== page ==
February 14, 1943
A Challenge to 'Knights in Rusty Armor'
By ARTHUR KOESTLER
ere is an arresting article on a vital question: "What kind of world are we shaping?" It is a challenge by a member of the Left to his fellows of the Left- and to the Right, too. It is published as a striking contribution to that debate and because of the author's extraordinary background.
Mr. Koestler, a native of Hungary, worked fifteen years for the Ullstein newspaper chain in Germany. Later he was imprisoned and sentenced to death in Spain during the civil war. Reprieved, he went to France and was imprisoned there early in the present war. Eventually he escaped to England. He is the author of "Spanish Testament," "Dialogue With Death," "Darkness at Noon" and "Scum of the Earth."
I have been asked by the editor of this paper to write an article, "based on personal experience, on what gives men faith to fight to the end for the democratic way." I quote the question because I feel that, in a negative form, it contains in itself part of the answer. Most of the men whom I have seen dying or going to their death on battlefields, in hospitals, prisons and concentration camps since Badajoz certainly did not part from life out of enthusiasm for an abstract "democratic way" and I wonder how many of the men who do the real fighting in this war can tell you even the difference between a British trade union and the German Workers Front; not to speak of more complicated constitutional questions.
Take one of the great epics of this war, the tiny Greek Army, of which nobody ever heard before, beating up Mussolini's crack regiments. It was almost a miracle- and yet the Greeks fought under the fascist dictatorship of the late Metaxas, a tyranny so stupid and narrow that it put Plato's Republic on the list of forbidden books. Again, take the latest miracle, the defense of Stalingrad. We look with humility, gratitude and admiration at the men and women of the Soviet State. Those who try to divide us from them are playing Hitler's game; but those who pretend that Uncle Joe's ways are democratic ways are either trying to be very clever or are just innocent fools.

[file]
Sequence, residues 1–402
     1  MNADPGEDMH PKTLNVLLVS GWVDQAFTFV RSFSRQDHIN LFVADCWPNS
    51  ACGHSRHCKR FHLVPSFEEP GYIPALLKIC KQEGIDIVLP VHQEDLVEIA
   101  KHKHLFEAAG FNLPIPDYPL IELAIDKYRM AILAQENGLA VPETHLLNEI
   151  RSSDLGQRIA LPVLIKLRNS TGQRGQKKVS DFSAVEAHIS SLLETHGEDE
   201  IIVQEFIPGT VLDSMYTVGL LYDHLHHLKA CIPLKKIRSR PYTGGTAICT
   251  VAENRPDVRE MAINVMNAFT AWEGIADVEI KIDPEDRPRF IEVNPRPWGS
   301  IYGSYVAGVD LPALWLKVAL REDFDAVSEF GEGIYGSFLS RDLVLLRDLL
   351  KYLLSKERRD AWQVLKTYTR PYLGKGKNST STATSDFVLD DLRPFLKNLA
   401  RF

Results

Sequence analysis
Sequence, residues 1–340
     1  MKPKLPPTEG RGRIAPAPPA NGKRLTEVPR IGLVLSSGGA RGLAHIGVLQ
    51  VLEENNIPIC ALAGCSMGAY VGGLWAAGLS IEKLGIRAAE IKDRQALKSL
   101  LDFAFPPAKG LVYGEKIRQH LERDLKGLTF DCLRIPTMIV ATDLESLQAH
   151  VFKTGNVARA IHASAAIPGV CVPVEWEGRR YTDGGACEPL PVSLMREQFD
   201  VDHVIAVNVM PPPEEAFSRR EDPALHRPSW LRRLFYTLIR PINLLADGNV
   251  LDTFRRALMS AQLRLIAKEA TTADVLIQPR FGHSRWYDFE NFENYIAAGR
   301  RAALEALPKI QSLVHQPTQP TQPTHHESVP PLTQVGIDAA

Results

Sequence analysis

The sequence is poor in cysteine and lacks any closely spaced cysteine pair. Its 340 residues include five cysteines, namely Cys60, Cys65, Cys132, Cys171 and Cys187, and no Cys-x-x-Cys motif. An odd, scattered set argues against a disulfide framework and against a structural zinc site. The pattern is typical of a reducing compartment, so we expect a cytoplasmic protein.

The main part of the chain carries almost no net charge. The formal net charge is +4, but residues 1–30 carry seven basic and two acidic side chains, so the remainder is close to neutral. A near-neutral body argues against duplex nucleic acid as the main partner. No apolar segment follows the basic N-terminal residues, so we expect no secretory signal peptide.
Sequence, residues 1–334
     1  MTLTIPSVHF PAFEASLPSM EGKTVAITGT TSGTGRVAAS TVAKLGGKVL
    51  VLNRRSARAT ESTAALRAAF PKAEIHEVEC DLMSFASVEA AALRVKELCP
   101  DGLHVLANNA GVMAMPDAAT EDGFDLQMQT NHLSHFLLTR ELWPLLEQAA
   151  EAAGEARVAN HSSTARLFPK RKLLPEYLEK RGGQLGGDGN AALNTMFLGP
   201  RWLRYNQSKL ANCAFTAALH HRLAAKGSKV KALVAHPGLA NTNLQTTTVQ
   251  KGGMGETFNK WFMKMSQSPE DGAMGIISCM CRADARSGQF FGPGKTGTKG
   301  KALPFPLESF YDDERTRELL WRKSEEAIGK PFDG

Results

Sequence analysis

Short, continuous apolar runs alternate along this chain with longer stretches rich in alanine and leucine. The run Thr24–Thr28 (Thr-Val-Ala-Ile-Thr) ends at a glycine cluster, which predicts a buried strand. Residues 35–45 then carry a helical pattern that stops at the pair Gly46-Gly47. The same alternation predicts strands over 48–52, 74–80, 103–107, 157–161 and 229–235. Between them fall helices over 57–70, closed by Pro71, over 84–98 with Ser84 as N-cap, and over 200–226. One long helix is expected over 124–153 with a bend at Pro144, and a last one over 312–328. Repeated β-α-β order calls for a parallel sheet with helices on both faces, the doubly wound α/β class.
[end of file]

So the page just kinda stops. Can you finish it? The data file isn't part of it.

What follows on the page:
I am not saying all this for the sake of the cheap pleasure of debunking. I only mean that this war turns out to be a more complicated affair than it looked at the beginning; and that we should try to focus our eyes on real people, not the glamour-soldiers and soldierettes of propaganda posters. Talking of real people, we may distinguish two main categories: those who have personally experienced the Nazi-Fascist ways, and those who have not.
The first category- that is, the people on the Continent- know exactly what they are up against; they know it as intimately as the sufferer knows his pains. But do they also know the remedy? Does the experience of pain provide you with the doctor's insight? The more you talk to people who have recently escaped from the dark Continent, the more you doubt it.
For the Czechs, Poles, Frenchmen, Belgians, Dutch, etc., this war is literally a fight for physical survival. They hate not the abstract term "fascism" but the concrete German who destroyed their homes and killed their friends. They fight not for the abstract term "democracy" but for the concrete aim of national liberation. If you talk to them of the United States of Europe they look askance at you. One of the main curses Hitler has brought on us is that, by trying to unify Europe in the wrong way, he has brought forth such a recrudescence of nationalistic, chauvinistic feeling, that the clock of European evolution has been put back for at least fifty years. Whether you like it or not, the wish-dream of the martyrized Continent is a super-Versailles, and "national sovereignty" is the great slogan of the hour.
As to those who have had no personal experience of fascism- the common people in Anglo-Saxon countries- the term democracy has very little real meaning. They are as unaware of the basic constitutional liberties they enjoy as they are unaware of the composition of the air they breathe.
And this, if you reflect upon it, is perhaps the proudest achievement of the liberal era. Indeed, the ideal for a well-functioning democratic state is like the ideal for a gentleman's well-cut suit- it is not noticed. For the common people of Britain, Gestapo and concentration camps have approximately the same degree of reality as the monster of Loch Ness. Atrocity propaganda is helpless against this healthy lack of imagination. I have tried my hand at it. Whenever I have lectured to the troops on fascist concentration camps I have had the distinct feeling that as long as I had a grip on the audience they believed me, but then as soon as I had gone they did not believe me any more than one believes in yesterday's nightmare and starts happily to sing "Who's Afraid of the Big Bad Wolf?"